Brightsurf Science News & Current Events

August 07, 2001
First light: astronomers use distant quasar to probe cosmic 'dark age,' universe origins
Using light from the most distant object known, astronomers have found traces of the first generation of atoms in the universe, 14 billion light years from Earth.

Patent rights stimulate R&D, but fall short in helping poor countries obtain lifesaving drugs
Intellectual property protection is needed to encourage risk taking and innovation in large research-based pharmaceutical companies and biotechnology firms.

Glushko-Samuelson Foundation, Cognitive Science Society select Richard M. Shiffrin to receive Rumelhart Prize
The Glushko-Samuelson Foundation and Cognitive Science Society select Indiana University Psychology Professor Richard Shiffrin for $100,000 David E.

Teamwork characterizes surgical teams that are faster learners of new procedures, suggests O.R. study
Comparing leading surgical teams that began adopting a new procedure, researchers suggest that those emphasizing organizational learning and teamwork learn faster than others with equivalent levels of experience, according to a study published in a journal of the Institute for Operations Research and the Management Sciences (INFORMSĀ®).

Tracking unexplained illness and death could help identify emerging infectious diseases
A method called prospective surveillance, which studies unexplained illness and death due to possibly infectious causes, allowed for earlier detection of emerging and reemerging infections in 73 percent of cases, Yale researchers conclude in a new study.

NASA's Second Generation Reusable Launch Vehicle Program advances propulsion technology with successful engine test series
NASA's Second Generation Reusable Launch Vehicle Program is making advances in propulsion technology with this third and final successful engine hot-fire designed to test electro-mechanical actuators.

Russian, PNNL scientists advance US seed production, oil remediation
Scientists from Pacific Northwest National Laboratory and three Russian organizations are conducting field tests this month in Washington, Oregon and Montana to determine the commercial potential of two products -- an oil-eating microbe to clean up oil-contaminated soils and a plant growth stimulator.

Adolescents and young adults at high risk for deadly meningitis, says University of Pittsburgh-led study
Adolescents and young adults have an unusually high risk of severe and sometimes fatal bacterial meningitis, according to a study led by the University of Pittsburgh Graduate School of Public Health (GSPH) and published in the Aug.

Duke study highlights failure to improve representation of women and elderly in cardiovascular clinical trials
Despite efforts during the past decade to reverse the situation, women and the elderly remain significantly underrepresented in cardiovascular clinical trials, according to a new study by Duke University Medical Center researchers.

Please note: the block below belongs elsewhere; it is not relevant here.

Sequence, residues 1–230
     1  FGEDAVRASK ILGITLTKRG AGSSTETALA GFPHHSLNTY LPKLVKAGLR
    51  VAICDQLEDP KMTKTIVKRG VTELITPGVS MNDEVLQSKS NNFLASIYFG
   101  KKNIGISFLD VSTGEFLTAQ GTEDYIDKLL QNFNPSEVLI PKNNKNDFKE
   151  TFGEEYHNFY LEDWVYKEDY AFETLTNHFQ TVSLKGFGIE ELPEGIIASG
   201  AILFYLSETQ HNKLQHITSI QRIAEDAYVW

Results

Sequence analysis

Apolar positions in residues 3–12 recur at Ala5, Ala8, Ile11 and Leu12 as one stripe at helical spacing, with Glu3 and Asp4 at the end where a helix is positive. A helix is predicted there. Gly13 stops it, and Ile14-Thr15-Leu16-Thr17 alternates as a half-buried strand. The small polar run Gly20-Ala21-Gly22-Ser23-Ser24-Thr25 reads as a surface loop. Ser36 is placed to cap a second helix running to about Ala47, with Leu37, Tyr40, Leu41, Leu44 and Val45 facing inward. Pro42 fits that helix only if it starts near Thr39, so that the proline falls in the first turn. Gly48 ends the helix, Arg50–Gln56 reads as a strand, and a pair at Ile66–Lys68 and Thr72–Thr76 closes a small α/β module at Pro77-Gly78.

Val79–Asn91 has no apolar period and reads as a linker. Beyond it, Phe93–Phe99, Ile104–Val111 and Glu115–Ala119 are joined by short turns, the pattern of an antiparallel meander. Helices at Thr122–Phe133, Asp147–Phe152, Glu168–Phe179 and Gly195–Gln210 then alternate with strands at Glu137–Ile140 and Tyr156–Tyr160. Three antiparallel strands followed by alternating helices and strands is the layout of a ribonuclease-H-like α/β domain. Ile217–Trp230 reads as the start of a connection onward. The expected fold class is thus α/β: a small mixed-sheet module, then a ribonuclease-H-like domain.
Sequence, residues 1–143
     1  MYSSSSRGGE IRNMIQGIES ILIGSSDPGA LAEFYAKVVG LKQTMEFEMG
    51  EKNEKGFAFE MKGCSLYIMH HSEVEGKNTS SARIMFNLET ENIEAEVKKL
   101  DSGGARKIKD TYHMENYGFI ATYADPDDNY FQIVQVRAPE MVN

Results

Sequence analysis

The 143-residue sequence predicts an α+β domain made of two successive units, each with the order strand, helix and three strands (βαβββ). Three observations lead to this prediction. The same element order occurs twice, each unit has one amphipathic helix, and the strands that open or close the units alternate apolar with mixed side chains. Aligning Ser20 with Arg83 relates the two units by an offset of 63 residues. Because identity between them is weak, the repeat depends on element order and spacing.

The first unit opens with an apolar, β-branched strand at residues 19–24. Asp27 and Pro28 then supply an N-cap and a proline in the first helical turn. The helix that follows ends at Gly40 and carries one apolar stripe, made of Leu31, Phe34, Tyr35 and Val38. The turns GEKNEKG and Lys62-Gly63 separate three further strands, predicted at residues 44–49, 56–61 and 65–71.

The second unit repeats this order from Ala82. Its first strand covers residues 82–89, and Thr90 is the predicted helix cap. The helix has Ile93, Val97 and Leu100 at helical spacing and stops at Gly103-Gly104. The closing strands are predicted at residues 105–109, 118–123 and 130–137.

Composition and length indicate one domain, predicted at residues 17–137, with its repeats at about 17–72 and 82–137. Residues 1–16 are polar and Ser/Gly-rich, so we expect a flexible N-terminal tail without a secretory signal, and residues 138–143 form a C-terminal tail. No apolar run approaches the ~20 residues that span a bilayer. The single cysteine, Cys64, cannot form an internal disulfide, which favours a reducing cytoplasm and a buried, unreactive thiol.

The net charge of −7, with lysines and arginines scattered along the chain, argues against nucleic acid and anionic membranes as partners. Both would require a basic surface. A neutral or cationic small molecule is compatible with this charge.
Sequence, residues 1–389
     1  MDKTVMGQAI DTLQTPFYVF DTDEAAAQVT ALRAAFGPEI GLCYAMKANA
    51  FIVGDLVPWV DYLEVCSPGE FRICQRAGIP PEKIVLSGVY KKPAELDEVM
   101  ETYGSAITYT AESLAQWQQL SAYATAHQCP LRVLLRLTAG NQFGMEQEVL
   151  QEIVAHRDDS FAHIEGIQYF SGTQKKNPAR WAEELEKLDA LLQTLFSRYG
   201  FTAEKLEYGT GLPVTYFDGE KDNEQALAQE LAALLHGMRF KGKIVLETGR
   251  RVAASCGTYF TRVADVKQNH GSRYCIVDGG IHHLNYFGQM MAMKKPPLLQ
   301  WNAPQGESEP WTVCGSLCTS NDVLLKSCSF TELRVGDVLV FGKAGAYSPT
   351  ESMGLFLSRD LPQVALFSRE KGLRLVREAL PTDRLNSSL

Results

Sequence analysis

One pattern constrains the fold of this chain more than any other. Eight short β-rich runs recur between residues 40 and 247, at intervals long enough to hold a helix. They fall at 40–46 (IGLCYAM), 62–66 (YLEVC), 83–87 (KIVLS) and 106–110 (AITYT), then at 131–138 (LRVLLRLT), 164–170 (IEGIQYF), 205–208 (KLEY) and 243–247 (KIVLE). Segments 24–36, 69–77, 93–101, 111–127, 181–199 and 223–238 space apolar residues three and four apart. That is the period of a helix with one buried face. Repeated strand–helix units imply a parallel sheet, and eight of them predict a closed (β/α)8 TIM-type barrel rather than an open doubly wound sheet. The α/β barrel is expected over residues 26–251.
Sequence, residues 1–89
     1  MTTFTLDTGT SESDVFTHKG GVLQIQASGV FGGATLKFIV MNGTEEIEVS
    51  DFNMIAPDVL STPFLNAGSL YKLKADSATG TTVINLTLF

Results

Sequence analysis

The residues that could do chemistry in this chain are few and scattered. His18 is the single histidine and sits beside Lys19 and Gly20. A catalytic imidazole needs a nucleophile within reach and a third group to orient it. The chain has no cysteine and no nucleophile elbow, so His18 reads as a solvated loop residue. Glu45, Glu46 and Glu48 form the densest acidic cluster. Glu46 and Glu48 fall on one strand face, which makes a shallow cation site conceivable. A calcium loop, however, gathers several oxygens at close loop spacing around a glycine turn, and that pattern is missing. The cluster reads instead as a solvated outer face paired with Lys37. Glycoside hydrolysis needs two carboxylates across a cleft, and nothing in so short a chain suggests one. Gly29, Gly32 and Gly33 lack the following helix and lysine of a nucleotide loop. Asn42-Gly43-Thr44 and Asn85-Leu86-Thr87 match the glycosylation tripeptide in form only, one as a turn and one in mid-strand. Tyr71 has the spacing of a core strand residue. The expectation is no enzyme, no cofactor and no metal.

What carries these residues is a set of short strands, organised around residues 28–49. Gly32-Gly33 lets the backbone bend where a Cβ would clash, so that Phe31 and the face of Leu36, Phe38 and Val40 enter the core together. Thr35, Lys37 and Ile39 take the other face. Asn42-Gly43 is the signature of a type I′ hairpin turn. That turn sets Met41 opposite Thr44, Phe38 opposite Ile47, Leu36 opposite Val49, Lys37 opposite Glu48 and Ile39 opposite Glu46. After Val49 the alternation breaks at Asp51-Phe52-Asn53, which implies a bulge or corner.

ADHD and tic disorders in children corrected with guanfacine, Yale researchers find
Children with attention deficit hyperactivity disorder (ADHD) and tic disorders showed a 37 percent improvement when they took the medication guanfacine, an alternative to drugs like Ritalin, which can worsen tics, Yale researchers found in a new study published in the July issue of American Journal of Psychiatry.

Tips from the Journals of the American Society for Microbiology: August 2001
Genetically engineered poliovirus proves effective vaccine against SIV. Bacteria induce multidrug resistance in each other.

INEEL's Super-Hard Steel one of this year's top 100 technological achievements
One of the hardest metallic materials known, Super Hard Steel has been recognized as one of the 100 most significant technological achievements for the year 2001 by R&D Magazine.

'Gold Bug' sheds light on how some gold deposits formed
Some gold deposits found close to the Earth's crust may be ancient microbial waste, according to noted microbiologist Derek Lovley at UMass.

NHLBI study finds brief counseling by health professionals boosts patients' physical fitness
Just 3 hours of advice and counseling by doctors and other health care professionals over 2 years can boost sedentary adults' physical fitness, according to a new study sponsored by the National Heart, Lung, and Blood Institute.

Survival of quaking aspen groves a complex problem
Quaking aspen groves in the American West have been on the decline since the beginning of serious settlement and exploitation, but recent studies of California aspen by Penn State geographers suggest that the aspen decrease is more complicated than previously thought.

Hebrew University researchers seek to 'inactivate' cancer cells
A technique for controlling cancer by inducing it to remain in a dormant state has been developed by researchers at the Lautenberg Center for General and Tumor Immunology at the Hebrew University-Hadassah Medical School in Jerusalem.

Study offers relief for first-time blood donors
Folks who feel faint at the prospect of donating blood should take heart: a new study suggests a little music and a movie could reduce the feelings of dizziness, nausea and other symptoms occasionally experienced by first-time blood donors.

Ethanol from corn faulted as energy waster
Neither increases in government subsidies to corn-based ethanol fuel nor hikes in the price of petroleum can overcome what one Cornell University agricultural scientist calls a fundamental input-yield problem: It takes more energy to make ethanol from grain than the combustion of ethanol produces.

IU Professor to receive $100,000 prize
An Indiana University psychology professor, nationally-known for his work in cognitive science, will receive the $100,000 David E.
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